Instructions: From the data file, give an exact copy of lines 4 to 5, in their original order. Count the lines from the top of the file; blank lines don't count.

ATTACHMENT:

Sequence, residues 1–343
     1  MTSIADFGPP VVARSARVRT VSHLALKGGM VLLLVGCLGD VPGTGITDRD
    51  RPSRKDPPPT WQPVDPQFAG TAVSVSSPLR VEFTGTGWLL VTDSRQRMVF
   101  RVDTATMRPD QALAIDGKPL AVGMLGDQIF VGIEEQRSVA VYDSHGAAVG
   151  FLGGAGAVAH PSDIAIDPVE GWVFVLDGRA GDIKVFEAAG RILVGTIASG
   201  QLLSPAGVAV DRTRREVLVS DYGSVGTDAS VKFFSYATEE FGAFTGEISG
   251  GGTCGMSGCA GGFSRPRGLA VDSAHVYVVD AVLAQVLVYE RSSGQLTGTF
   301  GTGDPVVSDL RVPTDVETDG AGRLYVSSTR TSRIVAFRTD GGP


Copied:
   101  RVDTATMRPD QALAIDGKPL AVGMLGDQIF VGIEEQRSVA VYDSHGAAVG
   151  FLGGAGAVAH PSDIAIDPVE GWVFVLDGRA GDIKVFEAAG RILVGTIASG